Hawaii lawmakers move to close police sex loophole

By Nana Ohkawa
Published On: Mar 28 2014 11:53:00 AM HST

Police are not fighting a new law that makes intercourse off-limits during investigation.

HONOLULU -

A state legislative committee has approved a bill that would end an unusual provision in Hawaii law that permits police to have sex with prostitutes.

Click here to watch Nana Ohkawa's report.

The Senate Judiciary Committee advanced a larger bill on Friday that cracks down on prostitution after amending it to include the provision involving police conduct.

Honolulu police have tried to maintain the exemption allowing sex as a way to keep secret the methods of undercover officers.

"Common sense has prevailed I think logic has become the new norm if you will," said Hawaii State Senator Clayton Hee. "This has been on the books since the early 70s, since the model law was codified and we see this played out on the streets when assisting our victims."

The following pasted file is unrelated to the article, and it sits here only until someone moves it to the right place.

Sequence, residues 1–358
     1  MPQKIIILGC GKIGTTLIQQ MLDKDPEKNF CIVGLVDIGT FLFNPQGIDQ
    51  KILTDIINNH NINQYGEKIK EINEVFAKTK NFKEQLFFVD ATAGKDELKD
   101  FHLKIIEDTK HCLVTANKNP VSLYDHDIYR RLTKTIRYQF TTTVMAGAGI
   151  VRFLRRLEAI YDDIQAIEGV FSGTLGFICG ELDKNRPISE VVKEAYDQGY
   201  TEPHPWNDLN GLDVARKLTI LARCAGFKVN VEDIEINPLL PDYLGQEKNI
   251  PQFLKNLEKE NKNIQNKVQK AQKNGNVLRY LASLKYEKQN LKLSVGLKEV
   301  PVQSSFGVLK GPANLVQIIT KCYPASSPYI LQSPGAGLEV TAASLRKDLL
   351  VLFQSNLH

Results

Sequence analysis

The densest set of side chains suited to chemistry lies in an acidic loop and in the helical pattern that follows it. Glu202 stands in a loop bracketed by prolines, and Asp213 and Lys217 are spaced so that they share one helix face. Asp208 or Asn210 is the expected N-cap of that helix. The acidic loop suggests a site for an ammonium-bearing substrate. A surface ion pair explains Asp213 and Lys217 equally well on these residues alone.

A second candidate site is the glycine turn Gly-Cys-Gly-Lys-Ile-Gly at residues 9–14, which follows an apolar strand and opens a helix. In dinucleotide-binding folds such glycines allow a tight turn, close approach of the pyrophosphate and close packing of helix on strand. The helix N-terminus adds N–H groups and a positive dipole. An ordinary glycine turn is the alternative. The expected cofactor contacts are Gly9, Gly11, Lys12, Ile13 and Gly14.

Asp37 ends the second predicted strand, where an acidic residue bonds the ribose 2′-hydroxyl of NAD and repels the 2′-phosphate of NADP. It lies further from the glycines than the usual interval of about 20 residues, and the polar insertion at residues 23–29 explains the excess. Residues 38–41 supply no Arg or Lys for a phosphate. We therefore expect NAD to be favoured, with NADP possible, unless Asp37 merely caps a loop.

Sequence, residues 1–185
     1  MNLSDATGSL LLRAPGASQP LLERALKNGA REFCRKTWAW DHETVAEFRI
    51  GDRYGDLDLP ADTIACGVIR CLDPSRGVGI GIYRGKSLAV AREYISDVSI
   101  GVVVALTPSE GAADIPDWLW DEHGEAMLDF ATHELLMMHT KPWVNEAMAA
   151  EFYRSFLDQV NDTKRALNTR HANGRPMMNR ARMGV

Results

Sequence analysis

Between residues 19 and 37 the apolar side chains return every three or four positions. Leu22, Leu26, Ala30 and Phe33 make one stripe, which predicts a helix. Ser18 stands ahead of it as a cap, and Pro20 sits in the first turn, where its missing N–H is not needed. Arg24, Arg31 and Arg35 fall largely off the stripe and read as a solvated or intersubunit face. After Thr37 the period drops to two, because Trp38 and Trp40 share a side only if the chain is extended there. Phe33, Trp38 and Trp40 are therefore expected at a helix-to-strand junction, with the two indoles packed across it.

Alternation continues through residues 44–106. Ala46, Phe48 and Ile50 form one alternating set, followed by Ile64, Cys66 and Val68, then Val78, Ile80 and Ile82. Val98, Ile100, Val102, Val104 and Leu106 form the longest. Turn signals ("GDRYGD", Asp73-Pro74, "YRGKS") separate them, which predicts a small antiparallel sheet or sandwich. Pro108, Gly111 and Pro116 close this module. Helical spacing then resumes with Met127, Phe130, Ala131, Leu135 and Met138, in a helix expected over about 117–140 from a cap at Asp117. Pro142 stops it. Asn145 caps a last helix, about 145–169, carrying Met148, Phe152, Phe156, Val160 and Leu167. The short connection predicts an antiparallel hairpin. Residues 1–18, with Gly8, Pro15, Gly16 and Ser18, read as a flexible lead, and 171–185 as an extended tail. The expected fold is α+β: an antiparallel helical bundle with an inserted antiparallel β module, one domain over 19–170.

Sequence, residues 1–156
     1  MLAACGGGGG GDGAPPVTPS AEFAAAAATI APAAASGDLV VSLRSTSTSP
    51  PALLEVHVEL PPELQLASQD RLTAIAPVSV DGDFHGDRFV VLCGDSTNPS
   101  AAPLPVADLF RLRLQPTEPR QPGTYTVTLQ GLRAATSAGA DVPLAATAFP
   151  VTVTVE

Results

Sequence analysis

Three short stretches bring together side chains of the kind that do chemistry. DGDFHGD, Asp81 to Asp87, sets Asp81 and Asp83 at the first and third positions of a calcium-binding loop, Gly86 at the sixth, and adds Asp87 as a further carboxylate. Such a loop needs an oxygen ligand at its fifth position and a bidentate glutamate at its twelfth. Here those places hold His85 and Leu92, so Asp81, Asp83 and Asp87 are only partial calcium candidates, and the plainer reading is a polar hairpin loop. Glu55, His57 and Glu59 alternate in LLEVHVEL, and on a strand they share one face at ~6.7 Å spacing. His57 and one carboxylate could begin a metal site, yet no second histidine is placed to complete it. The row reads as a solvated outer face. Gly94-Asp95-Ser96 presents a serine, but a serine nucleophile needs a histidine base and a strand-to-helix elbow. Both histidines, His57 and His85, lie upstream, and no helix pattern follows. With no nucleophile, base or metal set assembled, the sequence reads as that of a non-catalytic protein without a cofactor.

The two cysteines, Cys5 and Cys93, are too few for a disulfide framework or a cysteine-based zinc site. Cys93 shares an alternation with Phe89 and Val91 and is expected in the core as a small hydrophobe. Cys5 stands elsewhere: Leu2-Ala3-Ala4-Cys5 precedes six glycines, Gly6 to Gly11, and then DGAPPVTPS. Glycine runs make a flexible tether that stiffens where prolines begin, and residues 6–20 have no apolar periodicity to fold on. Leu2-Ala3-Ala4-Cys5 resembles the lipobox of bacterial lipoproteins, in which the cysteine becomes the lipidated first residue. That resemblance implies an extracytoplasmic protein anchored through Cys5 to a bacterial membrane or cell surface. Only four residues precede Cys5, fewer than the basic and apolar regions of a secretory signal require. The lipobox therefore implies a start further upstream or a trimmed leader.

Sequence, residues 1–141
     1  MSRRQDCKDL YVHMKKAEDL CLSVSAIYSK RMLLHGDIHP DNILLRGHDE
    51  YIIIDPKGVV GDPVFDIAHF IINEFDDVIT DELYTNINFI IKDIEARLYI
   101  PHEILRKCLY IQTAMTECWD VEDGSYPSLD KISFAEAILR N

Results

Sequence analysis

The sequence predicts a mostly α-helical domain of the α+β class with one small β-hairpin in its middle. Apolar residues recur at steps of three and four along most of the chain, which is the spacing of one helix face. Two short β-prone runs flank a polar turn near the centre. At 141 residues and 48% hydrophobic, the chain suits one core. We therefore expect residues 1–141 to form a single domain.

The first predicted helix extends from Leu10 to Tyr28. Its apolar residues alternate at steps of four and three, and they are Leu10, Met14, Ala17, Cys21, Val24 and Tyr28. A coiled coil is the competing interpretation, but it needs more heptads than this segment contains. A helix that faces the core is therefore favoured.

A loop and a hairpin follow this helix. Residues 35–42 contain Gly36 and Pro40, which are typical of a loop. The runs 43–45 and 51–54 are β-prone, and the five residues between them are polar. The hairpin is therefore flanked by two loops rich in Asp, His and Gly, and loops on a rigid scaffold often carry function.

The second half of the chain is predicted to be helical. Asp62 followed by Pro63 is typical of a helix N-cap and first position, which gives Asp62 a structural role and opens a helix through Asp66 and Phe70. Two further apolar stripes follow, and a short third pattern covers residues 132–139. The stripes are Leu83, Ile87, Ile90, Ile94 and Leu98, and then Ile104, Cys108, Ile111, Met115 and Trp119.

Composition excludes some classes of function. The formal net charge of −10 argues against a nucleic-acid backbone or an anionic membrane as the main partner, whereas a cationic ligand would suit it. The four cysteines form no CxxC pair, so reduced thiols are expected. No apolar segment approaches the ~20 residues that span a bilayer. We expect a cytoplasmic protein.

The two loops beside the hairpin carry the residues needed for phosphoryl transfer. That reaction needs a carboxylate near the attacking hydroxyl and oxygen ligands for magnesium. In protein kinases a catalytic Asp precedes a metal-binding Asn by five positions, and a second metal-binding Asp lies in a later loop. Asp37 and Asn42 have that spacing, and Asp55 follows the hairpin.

Lawmakers were assured that officers do not abuse that protection. The bill previously passed the House with the exemption intact.

State senators last week announced their intention to remove it.

Catherine Xian, Executive Director of the Pacific Alliance to Stop Slavery, says the organization has been trying to get the law changed for years and its very happy its finally going down that path.

"I think the global publicity that Hawaii has gotten regards to this archaic and abusive law allowing police to sleep with prostitutes has really embarrassed the state," said Xian.

Senate Judiciary and Labor Committee chairman Clayton Hee said Friday that police will still be allowed to negotiate and agree to have sex during investigations.

"The police I believe in retrospect wanted to be sure that they understood that this conduct is unbecoming and should not be allowed," said Hee.

The HPD has maintained the goal is not to allow sex with prostitutes, it is to protect officers in undercover stings.

HPD says it "agrees with the amendment. It will not change the way the department conducts its operations."

"I think this is a positive step to the right direction," said Xian. "A historical step that we needed to take."

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